We have an ongoing debate in our office about if we should do this or not. Seems like anyone you talk to will give you a different answer. I argue NO, you should not. A few of the cons:
Significant growth of snapshots
Depulicated data may have changed from the filers perspecitve when the next dedup job runs, resuling in the need to "re-dedup"
Frequently accessed blocks are stored in cache, defraging accesses many otherwise unaccessed blocks. Now the caching algorithm will be fooled into thinking that a dormant block of data is acutally active,, and store it in cache
increase in disk I/O traffic
WAFL optimises placement of blocks anyway. Obviously there is no single physical disk corresponding to your guest partition.
The question is, is there a measurable overhead within the Windows guest that would be reduced by defrag, and does the benefit outweigh the chaos on the storage side caused by deffraging?
Yes....great data there. I've seen reallocate really help as well (the most dramatic example was a bunch of Groupwise servers on FC disk where reallocate cut latencies more than in half). I'm still wrestling between when it makes sense to use "reallocate" vs. "reallocate -p" (if there are any difference in how long it takes to run, how it impacts speed, exactly how much -p helps with snapshot deltas, etc.).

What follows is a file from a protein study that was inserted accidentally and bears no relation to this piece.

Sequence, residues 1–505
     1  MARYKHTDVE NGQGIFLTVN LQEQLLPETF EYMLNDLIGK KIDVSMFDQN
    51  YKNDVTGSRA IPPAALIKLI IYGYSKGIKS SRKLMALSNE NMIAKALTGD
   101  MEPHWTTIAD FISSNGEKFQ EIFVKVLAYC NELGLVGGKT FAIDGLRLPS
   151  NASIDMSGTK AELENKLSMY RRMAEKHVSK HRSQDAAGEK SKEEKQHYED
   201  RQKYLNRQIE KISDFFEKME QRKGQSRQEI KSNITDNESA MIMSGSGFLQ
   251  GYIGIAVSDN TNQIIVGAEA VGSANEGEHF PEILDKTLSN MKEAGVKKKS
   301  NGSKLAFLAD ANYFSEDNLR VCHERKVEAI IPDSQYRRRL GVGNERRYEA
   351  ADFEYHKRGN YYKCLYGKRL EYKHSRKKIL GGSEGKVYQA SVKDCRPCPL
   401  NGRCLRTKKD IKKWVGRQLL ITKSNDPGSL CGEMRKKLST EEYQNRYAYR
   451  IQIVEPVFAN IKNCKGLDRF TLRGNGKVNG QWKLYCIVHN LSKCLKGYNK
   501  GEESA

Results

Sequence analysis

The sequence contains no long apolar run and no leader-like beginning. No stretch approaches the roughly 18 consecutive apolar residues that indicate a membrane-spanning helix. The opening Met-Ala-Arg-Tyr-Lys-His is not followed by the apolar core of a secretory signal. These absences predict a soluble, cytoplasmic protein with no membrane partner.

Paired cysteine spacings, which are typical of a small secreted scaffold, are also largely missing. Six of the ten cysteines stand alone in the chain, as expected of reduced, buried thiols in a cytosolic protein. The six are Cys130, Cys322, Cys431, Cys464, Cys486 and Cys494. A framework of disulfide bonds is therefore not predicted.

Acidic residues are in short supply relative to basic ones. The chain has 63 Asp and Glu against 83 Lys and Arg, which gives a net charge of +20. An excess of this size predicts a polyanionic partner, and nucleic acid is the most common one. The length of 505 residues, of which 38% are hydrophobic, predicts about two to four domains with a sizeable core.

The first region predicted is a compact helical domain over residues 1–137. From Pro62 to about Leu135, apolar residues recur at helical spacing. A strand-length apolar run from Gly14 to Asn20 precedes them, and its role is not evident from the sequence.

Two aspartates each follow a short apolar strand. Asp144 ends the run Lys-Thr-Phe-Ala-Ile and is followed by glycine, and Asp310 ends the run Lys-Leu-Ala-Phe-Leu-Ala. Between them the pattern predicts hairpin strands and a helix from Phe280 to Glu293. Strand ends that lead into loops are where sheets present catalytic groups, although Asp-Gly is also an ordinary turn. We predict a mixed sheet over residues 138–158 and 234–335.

Re: Defrag or No? Windows guest OS defrag w/in FC LUN
That I can answer reallocate -p has zero impact on volume snapshot size.
I'd add to your list interaction with VSM. Data transferred after reallocate will be defragmented; but after reallocate -p - not (at least if I correctly understand how it works). This may need to be taken in account if destination is often used for tasks like backup verification.
Re: Defrag or No? Windows guest OS defrag w/in FC LUN
I'm not a storage expert. I just maintain a set of virtualized sql servers using Netapp luns (iscsi/snapdrive/snapmanager;...).
I noticed that data updates are written to free blocks, meaning the original block is not updated, but kept, since referenced by snapshots earlier made. So, may I conclude fragmentation is inherent to Netapp? May I conclude windows defrag might cause volumes running out of space? May I conclude that (in case we would have enough free space in the volume) the chance that less physical IO is initiated after defrag is negligible or even that in some cases the number of physical IO's might increase? May I conclude Windows will initiate less IO's since it thinks data is sequentialized, but the consequential number of IO's on Netapp is unpredicatable? May I conclude that the sql command "set statistics io on" does not tell me the truth about the number of physical reads executed on Netapp (or any other disk virtualisation/SAN system), only the number of physical IO windows or SQL thinks that have to be done?
Anyway I wonder what defrag means in RAID setup. Isn't it so that 1 byte might be spread over 8 physical disks ... or that 8 bytes might be spread over 8 physical disk?
When I read this, I start to wonder whether sql server index rebuilds might no longer be best practice, since this will have the same effect on snapshots as windows defrag? May I conclude we benefit HA, DR and fast restore, but that we should review best practices regarding IO optimisation?